by Vicki Paris Goodman
Imagine dying before the biggest night of your life. You fall down a chute into a way station in the form of an Irish pub devoid of liquor and beer. The proprietor, Seamus, resembles a man-size leprechaun with a pain-inflicting clicker reminiscent of an alien punishment device from one of several Star Trek episodes. God forbid (oops! ouch!) a newcomer should take the lord’s name in vain.
So who comes down the chute? None other than Hollywood Best Supporting Actor nominee Tyler Johnes, “that’s Jones with an H,” a self-centered, wife-cheating narcissist of biblical proportion. It is the night before the Academy Awards. Fortunately for the audience and playwright Mitch Albom, of Tuesdays with Morrie fame, Tyler has a lot of growing up to do. And we get to watch him learn a few lessons.
Albom imaginatively contrives the movie roles for which Tyler and his arch rival and co-nominee from the same movie were nominated as that of a couple of “Chippencops”– yes, a combo of Chippendale dancer and law enforcement officer, complete with a pistol. The get-up alone, by costume designer Donna Fritsche, is hysterical.
Cast member Bill Peters gives Tyler’s egotism its over-the-top insensitivity, especially when it comes to the treatment of his unfortunate wife Sheri, played with a kind and forgiving decency by Stephanie Schulz. Peters also gives the arrogant Tyler a flicker of vulnerability. And that’s what gives Seamus his pinkie-toe-in-the-door opportunity to make a difference in Act II.
Cameron Bass-Jackson vainly delivers the equally self-absorbed role of Kyle, Tyler’s loathed costar and co-nominee, who is tall and sexy and possesses a handsome face and a head of hair that doesn’t quit. Surprisingly, Peters looks almost as cute in the Chippencop costume as the writhing, pole-dancing, male model-esque Bass-Jackson, but I digress…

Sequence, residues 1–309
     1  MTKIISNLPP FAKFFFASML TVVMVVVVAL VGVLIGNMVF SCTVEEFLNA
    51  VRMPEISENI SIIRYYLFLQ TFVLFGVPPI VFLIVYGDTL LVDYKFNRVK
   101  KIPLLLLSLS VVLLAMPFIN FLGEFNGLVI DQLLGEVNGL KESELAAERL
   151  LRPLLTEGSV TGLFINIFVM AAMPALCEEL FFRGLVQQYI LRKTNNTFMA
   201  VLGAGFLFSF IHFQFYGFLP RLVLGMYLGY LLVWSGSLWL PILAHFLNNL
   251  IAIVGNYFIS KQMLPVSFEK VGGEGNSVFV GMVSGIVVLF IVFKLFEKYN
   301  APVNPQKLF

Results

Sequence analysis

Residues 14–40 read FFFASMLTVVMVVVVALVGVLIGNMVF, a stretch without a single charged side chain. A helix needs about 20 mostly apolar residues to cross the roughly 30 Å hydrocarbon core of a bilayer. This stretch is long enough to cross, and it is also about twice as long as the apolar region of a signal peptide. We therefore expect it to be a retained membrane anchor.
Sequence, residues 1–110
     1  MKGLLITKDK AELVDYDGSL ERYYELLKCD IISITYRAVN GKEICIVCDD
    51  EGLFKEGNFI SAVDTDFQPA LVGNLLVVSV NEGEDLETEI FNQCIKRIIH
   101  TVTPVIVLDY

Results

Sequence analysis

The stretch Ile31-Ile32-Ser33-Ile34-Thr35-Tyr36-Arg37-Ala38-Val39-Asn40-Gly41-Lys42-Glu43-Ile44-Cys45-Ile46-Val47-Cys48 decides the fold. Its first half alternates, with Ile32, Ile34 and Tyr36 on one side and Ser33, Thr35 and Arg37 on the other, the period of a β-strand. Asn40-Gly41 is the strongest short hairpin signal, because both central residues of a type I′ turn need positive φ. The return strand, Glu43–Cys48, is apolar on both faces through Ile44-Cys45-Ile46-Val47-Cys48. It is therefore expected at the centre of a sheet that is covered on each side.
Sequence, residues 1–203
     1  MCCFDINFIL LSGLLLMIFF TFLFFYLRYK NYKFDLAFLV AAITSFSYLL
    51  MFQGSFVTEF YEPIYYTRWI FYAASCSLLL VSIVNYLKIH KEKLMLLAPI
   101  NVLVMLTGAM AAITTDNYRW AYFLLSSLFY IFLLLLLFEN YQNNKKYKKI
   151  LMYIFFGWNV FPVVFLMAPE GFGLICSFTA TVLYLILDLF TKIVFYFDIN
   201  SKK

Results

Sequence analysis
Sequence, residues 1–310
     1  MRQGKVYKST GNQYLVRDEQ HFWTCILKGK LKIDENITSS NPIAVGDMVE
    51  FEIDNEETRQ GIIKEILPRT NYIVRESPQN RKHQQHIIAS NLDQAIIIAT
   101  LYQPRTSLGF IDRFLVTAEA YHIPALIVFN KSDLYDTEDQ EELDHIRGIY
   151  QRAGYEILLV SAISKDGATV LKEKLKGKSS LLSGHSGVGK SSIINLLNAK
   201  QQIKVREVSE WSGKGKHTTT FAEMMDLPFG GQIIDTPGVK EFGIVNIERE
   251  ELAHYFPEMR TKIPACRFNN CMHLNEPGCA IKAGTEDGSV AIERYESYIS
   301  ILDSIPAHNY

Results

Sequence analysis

Tyler manages to strike a deal with Seamus, who allows him one trip back through the ozone layer to attend the Oscars, where Sheri appears with divorce papers. What happens in the end will warm the cockles of your heart– no, it’s not what you’d expect.
Actor Daryl Mendelson takes on an exaggerated French accent as Teddy, the money-hungry agent who suits Tyler to a tee. Katie Gallagher plays bimbo Serenity, the stereotypical trophy arm candy who accompanies Tyler to the big event.
Gregory Cohen directs the fabulous cast, whose comic timing never failed– not even on opening night, when you’d expect there might be a few early-run flaws.
If anything, the few points at which the action slightly drags are most likely problems with the play as written, rather than anything within the control of the cast and director.
and the winner is… makes delicious fun of Hollywood while raising questions about the afterlife and how one spends his or her time on Earth. It’s fresh, it’s funny, and in the end it’s poignant. Overall, and the winner is… is a lot of fun.
and the winner is… continues at the Long Beach Playhouse Studio Theatre through Feb. 13. General admission tickets are $22; $20 for seniors. Student tickets are $12 with valid student ID. Performances are Fridays and Saturdays at 8pm, with Sunday matinees on January 17, 24, 31 and February 7 at 2pm. The Long Beach Playhouse is located at 5021 E. Anaheim St. Call (562) 494-1014 for reservations and information. Tickets are also available online at www.lbph.com.